In the past three years, the number of MetroHealth's nurses who are baccalaureate-trained has increased from 48% to 65%, and at any given time, another 13% to 15% are enrolled in a program.
Although achieving the goal of having 80% of nurses baccalaureate trained by 2020 isn't specifically tied to funding or reimbursement, Kline said, evidence that a higher level of nursing education is connected to better outcomes was encouraging enough for hospitals to head in that direction.
In 2013, the Clinic moved to have all nurses who join the system sign a contract that they will attain their BSN within five years. While Kavanagh emphasizes the Clinic is appreciative of and welcome nurses who graduated from diploma and associate degree programs, the goal is that they will get a bachelor's degree.
The extra training brings additional skills of leadership, strategic thinking and research that simply cannot be covered in shorter programs, she said. Diploma and associate degree programs prepare nurses at the micro level, but further education to understand the big picture of systems and how teams work together is increasingly important as health care changes.
“We live in a day where there's more to be known than can be known,” Kavanagh said. “We're knowledge workers. We're constantly wanting to be able to supply the resources and the support to our nurses so that they can continue to develop, whether that's with a bachelor's or a master's or a doctorate.”
Summa Health also no longer hires nurses without a BSN. (A few exceptions are made, but the nurse has two years upon employment to attain their BSN.)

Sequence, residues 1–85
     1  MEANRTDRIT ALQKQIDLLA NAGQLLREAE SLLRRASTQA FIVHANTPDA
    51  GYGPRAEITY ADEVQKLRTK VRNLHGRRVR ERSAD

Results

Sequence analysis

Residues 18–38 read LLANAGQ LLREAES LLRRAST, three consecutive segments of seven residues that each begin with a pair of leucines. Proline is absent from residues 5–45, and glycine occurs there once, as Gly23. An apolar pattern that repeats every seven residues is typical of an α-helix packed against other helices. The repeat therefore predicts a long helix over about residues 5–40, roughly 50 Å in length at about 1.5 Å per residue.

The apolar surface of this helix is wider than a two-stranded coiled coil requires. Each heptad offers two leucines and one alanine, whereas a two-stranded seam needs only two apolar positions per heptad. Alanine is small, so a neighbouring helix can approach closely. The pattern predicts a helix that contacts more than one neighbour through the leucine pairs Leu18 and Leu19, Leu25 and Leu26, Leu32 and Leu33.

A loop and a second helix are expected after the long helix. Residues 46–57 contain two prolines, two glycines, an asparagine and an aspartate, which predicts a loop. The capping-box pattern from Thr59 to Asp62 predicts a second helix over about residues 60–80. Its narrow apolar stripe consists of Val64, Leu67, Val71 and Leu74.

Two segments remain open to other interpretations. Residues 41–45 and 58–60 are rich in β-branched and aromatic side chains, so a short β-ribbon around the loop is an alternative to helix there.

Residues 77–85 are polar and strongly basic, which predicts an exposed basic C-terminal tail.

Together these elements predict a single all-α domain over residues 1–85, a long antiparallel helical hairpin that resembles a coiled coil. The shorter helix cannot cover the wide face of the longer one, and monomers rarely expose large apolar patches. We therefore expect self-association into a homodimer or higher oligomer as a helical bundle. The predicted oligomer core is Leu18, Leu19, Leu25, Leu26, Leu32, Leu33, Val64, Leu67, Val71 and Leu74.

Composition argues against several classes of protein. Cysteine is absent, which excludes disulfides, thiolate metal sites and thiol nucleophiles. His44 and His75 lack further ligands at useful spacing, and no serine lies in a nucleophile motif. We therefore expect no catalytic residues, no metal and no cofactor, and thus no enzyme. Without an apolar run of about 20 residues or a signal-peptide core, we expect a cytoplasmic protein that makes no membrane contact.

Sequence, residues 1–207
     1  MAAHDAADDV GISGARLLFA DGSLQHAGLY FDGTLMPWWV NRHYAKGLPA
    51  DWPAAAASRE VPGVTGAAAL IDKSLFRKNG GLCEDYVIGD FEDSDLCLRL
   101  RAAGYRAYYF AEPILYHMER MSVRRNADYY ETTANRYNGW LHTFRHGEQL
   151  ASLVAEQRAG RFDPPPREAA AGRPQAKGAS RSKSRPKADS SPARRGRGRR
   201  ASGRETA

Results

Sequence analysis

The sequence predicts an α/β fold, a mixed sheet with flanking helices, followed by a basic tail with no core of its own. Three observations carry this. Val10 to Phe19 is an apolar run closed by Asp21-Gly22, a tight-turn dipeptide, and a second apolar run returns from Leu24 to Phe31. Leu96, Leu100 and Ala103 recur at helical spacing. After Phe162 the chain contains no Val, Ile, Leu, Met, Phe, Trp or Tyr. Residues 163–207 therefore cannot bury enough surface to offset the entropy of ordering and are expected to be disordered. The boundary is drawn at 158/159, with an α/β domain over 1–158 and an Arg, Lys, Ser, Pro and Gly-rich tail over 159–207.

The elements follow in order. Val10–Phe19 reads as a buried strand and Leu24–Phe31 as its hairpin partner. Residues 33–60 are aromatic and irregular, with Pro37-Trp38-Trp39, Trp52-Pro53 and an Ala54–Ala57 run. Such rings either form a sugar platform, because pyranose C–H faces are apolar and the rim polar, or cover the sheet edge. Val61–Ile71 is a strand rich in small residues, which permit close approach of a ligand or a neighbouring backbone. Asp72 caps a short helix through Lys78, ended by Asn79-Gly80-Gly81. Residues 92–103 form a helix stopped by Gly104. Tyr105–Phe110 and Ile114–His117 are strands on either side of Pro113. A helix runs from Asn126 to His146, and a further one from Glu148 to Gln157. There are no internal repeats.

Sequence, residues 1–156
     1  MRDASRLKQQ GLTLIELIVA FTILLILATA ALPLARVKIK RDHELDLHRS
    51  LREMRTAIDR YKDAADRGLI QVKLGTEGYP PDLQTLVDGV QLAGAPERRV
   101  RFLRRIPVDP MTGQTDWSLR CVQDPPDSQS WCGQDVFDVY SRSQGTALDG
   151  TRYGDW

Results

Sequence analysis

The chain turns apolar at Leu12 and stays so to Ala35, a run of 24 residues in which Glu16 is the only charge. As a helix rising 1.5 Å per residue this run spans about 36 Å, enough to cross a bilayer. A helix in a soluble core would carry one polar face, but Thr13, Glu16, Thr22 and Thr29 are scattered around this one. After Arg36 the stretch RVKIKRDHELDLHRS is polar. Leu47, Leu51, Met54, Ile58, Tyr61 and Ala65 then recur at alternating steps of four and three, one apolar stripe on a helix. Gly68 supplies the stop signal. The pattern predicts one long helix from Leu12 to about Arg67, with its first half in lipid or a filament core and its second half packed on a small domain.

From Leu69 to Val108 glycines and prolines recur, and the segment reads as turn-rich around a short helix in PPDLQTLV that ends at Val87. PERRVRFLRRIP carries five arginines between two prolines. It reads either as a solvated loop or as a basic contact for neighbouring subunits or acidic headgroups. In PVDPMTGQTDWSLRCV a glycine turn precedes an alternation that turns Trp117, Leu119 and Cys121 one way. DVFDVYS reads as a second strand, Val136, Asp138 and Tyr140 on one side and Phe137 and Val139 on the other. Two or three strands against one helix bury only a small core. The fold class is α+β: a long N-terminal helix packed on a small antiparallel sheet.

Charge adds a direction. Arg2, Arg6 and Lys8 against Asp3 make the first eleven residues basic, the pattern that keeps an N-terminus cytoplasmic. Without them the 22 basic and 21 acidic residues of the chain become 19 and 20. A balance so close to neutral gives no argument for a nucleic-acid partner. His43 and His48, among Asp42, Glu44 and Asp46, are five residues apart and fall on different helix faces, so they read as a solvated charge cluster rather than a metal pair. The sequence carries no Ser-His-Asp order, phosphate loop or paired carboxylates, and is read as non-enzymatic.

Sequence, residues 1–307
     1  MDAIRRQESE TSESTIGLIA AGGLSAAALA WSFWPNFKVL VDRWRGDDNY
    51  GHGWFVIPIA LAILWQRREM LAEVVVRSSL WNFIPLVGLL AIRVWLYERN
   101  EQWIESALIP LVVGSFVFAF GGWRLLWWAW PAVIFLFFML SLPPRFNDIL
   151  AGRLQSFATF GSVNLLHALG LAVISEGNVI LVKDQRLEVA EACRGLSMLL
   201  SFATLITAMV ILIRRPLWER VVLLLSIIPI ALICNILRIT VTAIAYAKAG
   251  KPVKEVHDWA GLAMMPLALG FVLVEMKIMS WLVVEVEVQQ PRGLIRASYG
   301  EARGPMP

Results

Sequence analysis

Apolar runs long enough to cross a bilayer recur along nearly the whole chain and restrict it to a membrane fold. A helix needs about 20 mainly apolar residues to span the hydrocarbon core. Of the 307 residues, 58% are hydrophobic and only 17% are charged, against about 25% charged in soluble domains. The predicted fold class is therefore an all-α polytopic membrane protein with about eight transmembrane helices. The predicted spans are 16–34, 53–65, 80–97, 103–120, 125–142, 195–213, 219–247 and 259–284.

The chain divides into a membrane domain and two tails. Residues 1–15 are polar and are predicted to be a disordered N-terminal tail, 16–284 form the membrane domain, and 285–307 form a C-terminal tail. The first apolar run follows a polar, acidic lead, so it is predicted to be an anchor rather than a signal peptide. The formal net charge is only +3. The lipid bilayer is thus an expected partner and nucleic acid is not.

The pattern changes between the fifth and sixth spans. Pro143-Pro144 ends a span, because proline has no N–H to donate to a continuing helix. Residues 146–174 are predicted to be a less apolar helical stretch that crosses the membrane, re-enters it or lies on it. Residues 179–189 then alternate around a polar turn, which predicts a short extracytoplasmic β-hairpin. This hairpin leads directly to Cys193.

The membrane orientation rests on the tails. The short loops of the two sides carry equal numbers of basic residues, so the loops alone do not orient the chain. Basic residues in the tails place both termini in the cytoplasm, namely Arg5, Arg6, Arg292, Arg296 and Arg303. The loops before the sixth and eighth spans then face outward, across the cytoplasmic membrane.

“I wanted to make sure that I didn't hire non-BSN nurses into Summa who would be competing with those loyal diploma nurses who were at a stage in life, who weren't going to go back and get their BSN,” said Lanie Ward, Summa's senior vice president and chief nursing officer. “I didn't want new nurses to be in the 20% number of non-BSNs in 2020.”
Summa is well on its way to achieving its goal. At present, 77.4% of its nurses at Summa Akron City and St. Thomas hospitals have a BSN, up from 60% when the report came out in 2010.
Putting patients first
Tracey Motter, associate dean for undergraduate programs at Kent State University's College of Nursing, said she believes all nursing education should be at the baccalaureate level, considering the amount of responsibility and demands on nurses in hospitals today. But she recognizes that that can be challenging, time-consuming and cost-prohibitive for many students who traditionally go the associate's degree route.
“A lot of them choose the (associate's degree in nursing) because it's cheaper and quicker, and that really isn't a good reason when we're looking at patient outcomes,” said Motter.
The RN-to-BSN programs, like the one at Kent State, can be a good fit for those students facing those challenges. She's also seeking grants to help support such students.
Kavanagh of the Clinic emphasized that a bachelor's degree is in no way the end of the line.
“It's really all in the name of increasing quality of care for our patients, increasing the access and the coordination, and all of that requires ongoing and lifelong learning,” she said.